Whatever your field, you want to work at the best place you can. The one with the best reputation; the most innovative, interesting company you can get into. The place others in your field wish they could work. In the first 3-7 years of your career you might do some jumping around. This is one way to make more money. But be very, very careful with that. Because money follows great work, eventually. Not the other way around. It’s very tempting to leave a good place for an $8,500 bump and a better title. But is it as good a place as you left? Because if its not, there’s no going back to the good place, usually. The work you get to do won’t be as saleable elsewhere. In 1999, I uprooted my little family, left my hometown and went to Boston where I knew no one. I followed the work. You guys got college educations and I continued to win awards on major brands. So money followed. Last point here: Beware getting trapped in a job you don’t love because you need the higher wage to support your lifestyle or financial commitments. That’s the so-called golden handcuffs thing. Don’t do it to yourself. One more thing: Expect to get fired. Everybody gets fired, and usually not because they sucked at their job. Stay in touch with good people who leave your company, keep your resume/portfolio updated and keep your walking shoes close at hand.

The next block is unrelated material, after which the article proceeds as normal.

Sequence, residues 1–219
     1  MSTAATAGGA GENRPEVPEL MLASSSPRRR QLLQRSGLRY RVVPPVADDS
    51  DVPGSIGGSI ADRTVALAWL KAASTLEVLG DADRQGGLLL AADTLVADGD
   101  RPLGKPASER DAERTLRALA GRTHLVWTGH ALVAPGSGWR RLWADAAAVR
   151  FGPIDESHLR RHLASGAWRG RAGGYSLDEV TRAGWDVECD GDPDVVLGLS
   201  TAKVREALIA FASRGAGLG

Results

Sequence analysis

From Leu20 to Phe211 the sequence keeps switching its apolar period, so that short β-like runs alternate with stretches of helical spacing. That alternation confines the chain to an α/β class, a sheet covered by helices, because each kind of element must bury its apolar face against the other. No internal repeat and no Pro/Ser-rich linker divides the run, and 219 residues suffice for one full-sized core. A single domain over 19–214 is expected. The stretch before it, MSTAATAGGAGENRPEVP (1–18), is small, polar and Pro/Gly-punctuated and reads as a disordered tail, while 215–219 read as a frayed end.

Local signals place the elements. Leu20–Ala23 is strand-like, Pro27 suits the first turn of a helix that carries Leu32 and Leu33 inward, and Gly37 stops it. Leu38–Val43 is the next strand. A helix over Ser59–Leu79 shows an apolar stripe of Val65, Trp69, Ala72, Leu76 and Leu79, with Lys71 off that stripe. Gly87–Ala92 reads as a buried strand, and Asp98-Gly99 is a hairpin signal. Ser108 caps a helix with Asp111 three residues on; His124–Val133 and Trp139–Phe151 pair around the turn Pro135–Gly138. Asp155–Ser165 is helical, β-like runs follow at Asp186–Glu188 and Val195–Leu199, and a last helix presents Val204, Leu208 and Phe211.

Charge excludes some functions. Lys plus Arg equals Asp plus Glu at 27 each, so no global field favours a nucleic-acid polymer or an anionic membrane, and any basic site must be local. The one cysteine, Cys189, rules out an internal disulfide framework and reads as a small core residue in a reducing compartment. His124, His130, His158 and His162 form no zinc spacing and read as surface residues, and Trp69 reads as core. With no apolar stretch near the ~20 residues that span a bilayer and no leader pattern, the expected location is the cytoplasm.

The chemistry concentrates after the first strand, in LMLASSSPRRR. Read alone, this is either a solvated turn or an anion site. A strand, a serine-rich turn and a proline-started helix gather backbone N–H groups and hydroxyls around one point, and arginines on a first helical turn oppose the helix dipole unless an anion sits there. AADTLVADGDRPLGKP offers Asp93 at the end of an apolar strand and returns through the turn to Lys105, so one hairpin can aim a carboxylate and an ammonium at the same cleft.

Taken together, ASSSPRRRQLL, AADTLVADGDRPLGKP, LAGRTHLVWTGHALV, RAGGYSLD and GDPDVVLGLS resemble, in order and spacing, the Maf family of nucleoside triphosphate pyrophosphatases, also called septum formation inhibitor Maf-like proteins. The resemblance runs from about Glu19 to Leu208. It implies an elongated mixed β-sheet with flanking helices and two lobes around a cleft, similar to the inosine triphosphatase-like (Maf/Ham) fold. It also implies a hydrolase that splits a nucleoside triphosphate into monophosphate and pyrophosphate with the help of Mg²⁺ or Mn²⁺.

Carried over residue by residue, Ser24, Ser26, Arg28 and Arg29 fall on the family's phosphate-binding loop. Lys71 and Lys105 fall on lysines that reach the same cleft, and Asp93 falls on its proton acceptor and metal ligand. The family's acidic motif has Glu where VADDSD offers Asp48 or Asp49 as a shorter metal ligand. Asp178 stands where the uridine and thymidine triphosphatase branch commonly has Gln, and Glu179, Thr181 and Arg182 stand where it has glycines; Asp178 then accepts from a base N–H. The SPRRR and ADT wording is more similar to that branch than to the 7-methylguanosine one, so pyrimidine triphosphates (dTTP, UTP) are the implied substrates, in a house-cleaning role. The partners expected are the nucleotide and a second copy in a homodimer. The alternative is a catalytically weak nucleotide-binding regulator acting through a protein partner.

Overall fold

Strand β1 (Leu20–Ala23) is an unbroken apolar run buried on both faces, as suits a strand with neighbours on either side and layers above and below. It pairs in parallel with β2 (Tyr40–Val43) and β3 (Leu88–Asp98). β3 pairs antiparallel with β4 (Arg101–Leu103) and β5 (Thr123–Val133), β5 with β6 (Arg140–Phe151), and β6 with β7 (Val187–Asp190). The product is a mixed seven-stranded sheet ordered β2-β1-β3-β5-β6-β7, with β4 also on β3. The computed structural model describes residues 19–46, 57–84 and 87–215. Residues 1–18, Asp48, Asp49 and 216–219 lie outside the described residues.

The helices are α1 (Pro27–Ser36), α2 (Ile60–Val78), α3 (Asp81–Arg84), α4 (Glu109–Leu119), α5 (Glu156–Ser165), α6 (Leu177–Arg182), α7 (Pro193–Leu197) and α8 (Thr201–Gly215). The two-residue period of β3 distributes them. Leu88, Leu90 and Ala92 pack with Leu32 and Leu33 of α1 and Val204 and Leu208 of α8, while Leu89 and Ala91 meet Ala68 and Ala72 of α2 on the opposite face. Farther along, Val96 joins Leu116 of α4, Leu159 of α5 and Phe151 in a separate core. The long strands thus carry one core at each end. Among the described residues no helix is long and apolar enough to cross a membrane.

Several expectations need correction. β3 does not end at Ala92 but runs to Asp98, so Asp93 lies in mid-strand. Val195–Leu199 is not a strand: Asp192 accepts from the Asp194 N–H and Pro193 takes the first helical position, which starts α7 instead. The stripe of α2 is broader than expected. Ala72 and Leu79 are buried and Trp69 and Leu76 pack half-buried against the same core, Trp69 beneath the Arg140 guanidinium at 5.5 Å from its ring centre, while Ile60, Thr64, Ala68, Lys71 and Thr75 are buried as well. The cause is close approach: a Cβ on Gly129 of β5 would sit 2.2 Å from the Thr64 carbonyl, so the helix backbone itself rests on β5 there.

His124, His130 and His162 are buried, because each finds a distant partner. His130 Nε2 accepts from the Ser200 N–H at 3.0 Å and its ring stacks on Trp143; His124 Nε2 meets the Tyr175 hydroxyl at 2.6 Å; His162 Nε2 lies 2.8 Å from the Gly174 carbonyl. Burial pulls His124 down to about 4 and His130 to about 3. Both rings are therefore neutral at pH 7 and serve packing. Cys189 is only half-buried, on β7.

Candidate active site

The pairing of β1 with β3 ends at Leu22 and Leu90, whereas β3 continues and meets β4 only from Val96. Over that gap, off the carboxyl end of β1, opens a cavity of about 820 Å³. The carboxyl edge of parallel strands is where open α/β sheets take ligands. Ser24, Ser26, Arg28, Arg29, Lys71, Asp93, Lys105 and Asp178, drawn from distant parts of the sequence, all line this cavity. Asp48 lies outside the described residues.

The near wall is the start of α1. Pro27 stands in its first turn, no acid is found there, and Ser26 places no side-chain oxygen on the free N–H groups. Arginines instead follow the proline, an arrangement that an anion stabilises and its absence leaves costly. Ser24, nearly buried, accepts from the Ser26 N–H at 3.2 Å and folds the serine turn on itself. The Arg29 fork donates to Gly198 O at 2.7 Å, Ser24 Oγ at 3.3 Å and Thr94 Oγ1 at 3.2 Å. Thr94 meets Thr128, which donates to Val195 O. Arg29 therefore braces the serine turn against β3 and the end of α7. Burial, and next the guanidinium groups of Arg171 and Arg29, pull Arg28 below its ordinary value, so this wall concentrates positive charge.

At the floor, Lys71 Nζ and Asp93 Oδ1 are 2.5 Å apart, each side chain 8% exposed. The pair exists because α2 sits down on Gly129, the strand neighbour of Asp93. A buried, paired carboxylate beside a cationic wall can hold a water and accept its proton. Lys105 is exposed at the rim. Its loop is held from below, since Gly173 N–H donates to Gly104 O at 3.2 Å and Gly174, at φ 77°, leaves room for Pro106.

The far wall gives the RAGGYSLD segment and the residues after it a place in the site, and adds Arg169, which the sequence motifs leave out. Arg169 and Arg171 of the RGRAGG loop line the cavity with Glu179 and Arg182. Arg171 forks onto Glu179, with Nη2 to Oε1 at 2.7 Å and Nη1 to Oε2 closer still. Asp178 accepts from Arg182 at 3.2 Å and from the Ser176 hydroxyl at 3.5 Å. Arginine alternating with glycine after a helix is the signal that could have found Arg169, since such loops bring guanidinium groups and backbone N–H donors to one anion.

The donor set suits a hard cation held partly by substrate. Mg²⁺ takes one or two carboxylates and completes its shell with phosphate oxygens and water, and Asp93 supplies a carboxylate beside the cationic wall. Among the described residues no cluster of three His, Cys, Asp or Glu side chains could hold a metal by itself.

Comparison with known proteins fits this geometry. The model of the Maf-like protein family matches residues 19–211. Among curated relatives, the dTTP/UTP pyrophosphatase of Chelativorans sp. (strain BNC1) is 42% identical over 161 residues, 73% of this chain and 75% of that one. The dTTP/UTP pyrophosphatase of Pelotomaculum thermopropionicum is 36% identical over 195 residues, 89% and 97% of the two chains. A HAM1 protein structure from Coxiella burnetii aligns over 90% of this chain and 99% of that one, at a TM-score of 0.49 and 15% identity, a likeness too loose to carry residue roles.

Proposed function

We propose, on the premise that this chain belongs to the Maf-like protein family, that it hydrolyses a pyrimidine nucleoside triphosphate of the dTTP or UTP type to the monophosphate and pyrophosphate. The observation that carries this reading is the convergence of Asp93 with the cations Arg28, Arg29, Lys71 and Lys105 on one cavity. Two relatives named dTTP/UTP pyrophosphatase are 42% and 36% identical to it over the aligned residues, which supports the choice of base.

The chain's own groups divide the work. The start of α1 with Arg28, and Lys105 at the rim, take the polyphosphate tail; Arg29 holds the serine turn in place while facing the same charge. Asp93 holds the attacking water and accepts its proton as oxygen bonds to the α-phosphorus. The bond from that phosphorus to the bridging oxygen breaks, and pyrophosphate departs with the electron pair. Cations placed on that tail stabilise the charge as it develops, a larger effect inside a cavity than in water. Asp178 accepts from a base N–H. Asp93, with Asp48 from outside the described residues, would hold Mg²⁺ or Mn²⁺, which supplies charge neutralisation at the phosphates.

We are reactive people in our family. French and Italian blood? I don’t know. We are moody; we tend to brood and stew over things sometimes. I don’t think that’s a bad thing. We’re humans; smart and sensitive ones. Moody and broody is one of the side effects of the human condition, at least for anyone paying attention. People who appear happy all the time are usually full of shit. You won’t always be happy at your job, and when you aren’t, people will see it and know it. Everybody has tough days, but if you drag around too long, they’re going to want to get rid of you. If you give your job the power to make you unhappy, you’re giving away far too much. You’re never stuck in a job, you’re just stuck. And have a job. Don’t worry about the past, because it’s over. Don’t worry about the future, because nobody can know what’s going to happen. Just be in the present. And crank. Jobs change all the time. You will too. So you will have to level-set yourself many times. You probably can’t change the job, but you can change the way you feel about it. You can only control what you can control. It can be very freeing and feel like the lifting of a burden when you decide you need to move on and commit to finding something else.